Pedestrian Deaths in San Francisco Spark Concern — Half of fatal injuries in motor vehicle collisions in San Francisco are suffered by walkers.
With breathtaking views, San Francisco is a beautiful place for those who travel by foot. Yet, walking can be more dangerous than driving. As the city strives to be “the most walkable city in North America,” there has been a very high number of pedestrian and vehicle collisions which have caused recent fatalities.
Just last Thursday, a 51-year-old jogger was hit by a commuter bus which prompted pedestrian advocates to hold a rally on Friday morning at San Francisco City Hall in to protest “traffic violence.” A driver of a Golden Gate transit bus struck the jogger and killed her at Van Ness Avenue and Lombard Street.
According to the San Francisco Chronicle, the Police Department reported 28 deaths including 18 pedestrians, three bicyclists and seven people in motor vehicles. Hundreds more are injured, many seriously, each year, said Leah Shahum, executive director of the San Francisco Bicycle Coalition.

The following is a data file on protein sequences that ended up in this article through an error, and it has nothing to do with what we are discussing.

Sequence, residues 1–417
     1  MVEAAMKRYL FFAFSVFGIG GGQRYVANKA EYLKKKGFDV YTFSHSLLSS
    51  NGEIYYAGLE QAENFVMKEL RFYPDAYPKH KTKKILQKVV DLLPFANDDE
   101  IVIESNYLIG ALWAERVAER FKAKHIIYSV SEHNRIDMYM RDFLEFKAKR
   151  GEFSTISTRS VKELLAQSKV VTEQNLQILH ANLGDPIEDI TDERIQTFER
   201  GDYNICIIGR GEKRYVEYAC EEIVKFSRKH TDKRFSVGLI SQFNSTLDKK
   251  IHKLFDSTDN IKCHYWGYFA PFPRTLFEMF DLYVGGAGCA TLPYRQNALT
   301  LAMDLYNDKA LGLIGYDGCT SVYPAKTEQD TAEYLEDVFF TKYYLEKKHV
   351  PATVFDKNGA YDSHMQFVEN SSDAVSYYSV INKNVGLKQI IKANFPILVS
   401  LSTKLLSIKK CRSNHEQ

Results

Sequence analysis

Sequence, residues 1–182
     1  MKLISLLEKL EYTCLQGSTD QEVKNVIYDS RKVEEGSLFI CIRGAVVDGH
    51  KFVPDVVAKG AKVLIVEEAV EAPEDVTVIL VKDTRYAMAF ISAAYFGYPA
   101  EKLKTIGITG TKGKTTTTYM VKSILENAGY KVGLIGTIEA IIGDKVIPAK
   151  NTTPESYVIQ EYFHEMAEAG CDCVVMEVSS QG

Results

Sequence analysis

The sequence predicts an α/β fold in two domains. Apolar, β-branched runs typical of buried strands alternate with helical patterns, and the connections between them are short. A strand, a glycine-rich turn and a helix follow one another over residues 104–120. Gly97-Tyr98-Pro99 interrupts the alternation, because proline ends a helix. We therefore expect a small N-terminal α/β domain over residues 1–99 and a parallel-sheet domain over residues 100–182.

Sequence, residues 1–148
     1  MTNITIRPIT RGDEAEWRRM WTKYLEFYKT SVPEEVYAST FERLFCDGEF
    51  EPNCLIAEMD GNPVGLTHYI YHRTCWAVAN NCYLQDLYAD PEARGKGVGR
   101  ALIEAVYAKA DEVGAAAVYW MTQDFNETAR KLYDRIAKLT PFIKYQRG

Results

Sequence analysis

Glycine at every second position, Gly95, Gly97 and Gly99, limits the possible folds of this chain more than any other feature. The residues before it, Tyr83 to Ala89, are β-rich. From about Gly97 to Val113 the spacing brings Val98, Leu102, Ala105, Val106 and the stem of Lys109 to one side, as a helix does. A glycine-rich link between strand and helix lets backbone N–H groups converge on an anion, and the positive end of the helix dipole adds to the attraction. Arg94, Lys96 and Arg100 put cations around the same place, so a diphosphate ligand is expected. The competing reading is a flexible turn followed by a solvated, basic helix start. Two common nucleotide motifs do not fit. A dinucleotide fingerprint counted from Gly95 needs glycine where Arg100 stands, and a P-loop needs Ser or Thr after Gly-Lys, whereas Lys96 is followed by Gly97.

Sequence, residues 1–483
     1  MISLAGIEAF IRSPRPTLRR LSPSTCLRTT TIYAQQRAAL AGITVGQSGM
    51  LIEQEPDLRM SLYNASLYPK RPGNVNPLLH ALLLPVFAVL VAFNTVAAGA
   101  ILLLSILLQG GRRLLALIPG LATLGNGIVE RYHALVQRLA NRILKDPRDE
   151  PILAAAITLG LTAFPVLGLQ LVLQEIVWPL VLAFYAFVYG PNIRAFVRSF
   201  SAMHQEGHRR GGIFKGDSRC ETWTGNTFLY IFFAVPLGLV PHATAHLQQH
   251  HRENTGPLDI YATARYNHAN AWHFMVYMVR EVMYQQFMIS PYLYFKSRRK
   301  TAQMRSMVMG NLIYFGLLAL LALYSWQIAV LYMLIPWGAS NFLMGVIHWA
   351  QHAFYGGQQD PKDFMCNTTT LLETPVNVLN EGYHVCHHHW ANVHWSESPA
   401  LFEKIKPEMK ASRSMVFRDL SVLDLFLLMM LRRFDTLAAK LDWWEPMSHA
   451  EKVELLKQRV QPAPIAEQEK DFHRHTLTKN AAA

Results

Pedestrian activities in a sustainable city should be a safe environment for residents. Following the recent string of fatalities, community activists urged city officials to make streets safer for pedestrians. They want the city to build protected bicycle lanes, target professional drivers for more safety education and lower the speed limits on certain streets.
Every year over the past decade, on average, cars and other motor vehicles have killed approximately 20 pedestrians and have injured 800 people walking. Half of fatal injuries in motor vehicle collisions in San Francisco are suffered by walkers. The National Highway Traffic Safety Administration highlights that pedestrians were one of the few groups of road users to experience an increase in fatalities in the United States in 2011, totaling 4,432 deaths.